Donation-based hospital rescues Afghanistan's wounded

(CBS News) KABUL - In Afghanistan, an American soldier and two Afghans were killed by a car bomb Thursday.

It happened near the U.S. airbase in Kandahar, a few hours after Defense Secretary Leon Panetta left there to meet with Afghan President Karzai.

Taliban attacks have grown more frequent, causing a sharp rise in civilian casualties. There's one place where many of those lives are saved or lost.

The non-profit trauma hospital goes by one name: Emergency. It offers free treatment to the bruised and bloodied victims of this conflict. Every patient who arrives there is a casualty of war.

Dr. Gino Strada
Dr. Gino Strada
CBS News

Dr. Gino Strada is the chain-smoking Italian cardiologist who founded emergency in 1999. He told CBS News that he'll take in patients, regardless of whether they're Taliban or whatever their political affiliations may be.

"Otherwise, you're not a doctor anymore," he said, "then you're a judge."

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Strada said he's seen a dramatic shift in the types of injuries he treats: Fewer bullet wounds and more from roadside bombs and heavy weapons.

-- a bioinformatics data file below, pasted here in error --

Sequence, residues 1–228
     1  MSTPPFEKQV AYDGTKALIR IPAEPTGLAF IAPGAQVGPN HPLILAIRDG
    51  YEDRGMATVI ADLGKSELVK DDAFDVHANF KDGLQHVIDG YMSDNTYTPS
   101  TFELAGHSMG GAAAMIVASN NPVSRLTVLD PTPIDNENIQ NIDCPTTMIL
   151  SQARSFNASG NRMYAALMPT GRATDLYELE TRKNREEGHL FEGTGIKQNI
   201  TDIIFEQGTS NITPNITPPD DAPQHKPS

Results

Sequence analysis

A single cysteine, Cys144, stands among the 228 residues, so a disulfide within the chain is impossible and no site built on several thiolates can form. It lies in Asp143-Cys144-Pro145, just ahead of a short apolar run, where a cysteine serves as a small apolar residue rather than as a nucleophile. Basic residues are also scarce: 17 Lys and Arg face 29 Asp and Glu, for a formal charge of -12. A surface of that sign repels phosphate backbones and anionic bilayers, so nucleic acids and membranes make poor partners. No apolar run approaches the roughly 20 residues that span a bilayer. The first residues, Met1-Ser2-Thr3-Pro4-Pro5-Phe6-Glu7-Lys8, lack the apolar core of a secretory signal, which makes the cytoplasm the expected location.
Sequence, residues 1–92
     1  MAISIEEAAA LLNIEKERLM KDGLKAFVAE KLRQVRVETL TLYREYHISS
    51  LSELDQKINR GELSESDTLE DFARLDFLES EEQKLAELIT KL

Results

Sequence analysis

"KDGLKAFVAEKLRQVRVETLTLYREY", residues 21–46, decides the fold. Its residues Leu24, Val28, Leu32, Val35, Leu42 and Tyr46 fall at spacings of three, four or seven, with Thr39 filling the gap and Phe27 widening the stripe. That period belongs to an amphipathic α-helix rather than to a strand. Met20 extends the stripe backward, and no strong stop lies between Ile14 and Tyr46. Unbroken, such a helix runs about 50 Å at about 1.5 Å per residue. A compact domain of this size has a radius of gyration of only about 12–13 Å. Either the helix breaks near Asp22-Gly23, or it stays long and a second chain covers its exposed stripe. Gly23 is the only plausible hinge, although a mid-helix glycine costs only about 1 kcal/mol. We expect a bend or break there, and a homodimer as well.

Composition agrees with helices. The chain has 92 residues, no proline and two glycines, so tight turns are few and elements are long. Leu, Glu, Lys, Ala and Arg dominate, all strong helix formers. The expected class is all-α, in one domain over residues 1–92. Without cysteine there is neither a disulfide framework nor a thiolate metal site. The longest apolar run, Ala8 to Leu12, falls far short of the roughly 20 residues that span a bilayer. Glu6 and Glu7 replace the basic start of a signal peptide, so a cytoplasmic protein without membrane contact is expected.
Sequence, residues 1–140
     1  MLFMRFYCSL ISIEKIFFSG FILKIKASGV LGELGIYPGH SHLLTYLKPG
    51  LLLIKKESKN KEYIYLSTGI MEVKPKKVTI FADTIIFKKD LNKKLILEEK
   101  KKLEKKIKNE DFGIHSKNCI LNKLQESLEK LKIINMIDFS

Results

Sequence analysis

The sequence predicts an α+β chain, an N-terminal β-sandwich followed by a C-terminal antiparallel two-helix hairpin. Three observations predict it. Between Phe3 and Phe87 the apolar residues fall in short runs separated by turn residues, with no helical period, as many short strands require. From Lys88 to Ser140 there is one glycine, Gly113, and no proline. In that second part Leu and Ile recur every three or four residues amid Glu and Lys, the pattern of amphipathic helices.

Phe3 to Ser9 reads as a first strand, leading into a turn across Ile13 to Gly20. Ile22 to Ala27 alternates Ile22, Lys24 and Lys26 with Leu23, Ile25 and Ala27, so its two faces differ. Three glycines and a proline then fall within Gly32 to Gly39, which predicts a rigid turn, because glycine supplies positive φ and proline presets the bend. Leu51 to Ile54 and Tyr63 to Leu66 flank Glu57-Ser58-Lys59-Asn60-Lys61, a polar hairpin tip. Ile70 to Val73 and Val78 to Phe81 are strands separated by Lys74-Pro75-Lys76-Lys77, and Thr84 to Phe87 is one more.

"The weapons which are now used are much more powerful and destructive than those that were available ten or fifteen years ago," Strada said.

This year, the hospital has treated nearly two thousand patients -- an all time high. The vast majority are civilians.

Five-year-old Shayr Mohammed's wrist was fractured and his arm burned when he was hit by shrapnel.

His injuries have healed well. But not all children are so lucky.

Another young boy had picked up what he thought was a toy and it exploded in his pocket. By the time he arrived at Emergency, there was nothing the doctors could do.

"We live in a place where insurgents and police are shooting at each other all the time," his uncle said.

Strada said the fighting is coming closer to the capital and the fighting is becoming more intense.

"This is very worrying because it's very difficult to predict what's going to happen in the near future," he said.

As NATO troops prepare to pull out in 2014, there are fears that the security situation could deteriorate further and that Afghanistan's healthcare system will be overwhelmed.

A patient at the Emergency hospital in Kabul, Afghanistan.
A patient at the Emergency hospital in Kabul, Afghanistan.
CBS News

The U.S. has spent nearly a billion dollars on health care in Afghanistan the last ten years. But Strada said there is little to show for it.

"What worries me is particularly is corruption in the health sector. When you look at the amount of international aid that has come to Afghanistan for health, you would expect to find fantastic hospitals everywhere. And you don't see one," Strada said.

But there's no shortage of patients, and the war outside Emergency's walls rages on.

Donations to Emergency are accepted at the links below:

  • Clarissa Ward

    Foreign Correspondent, CBS News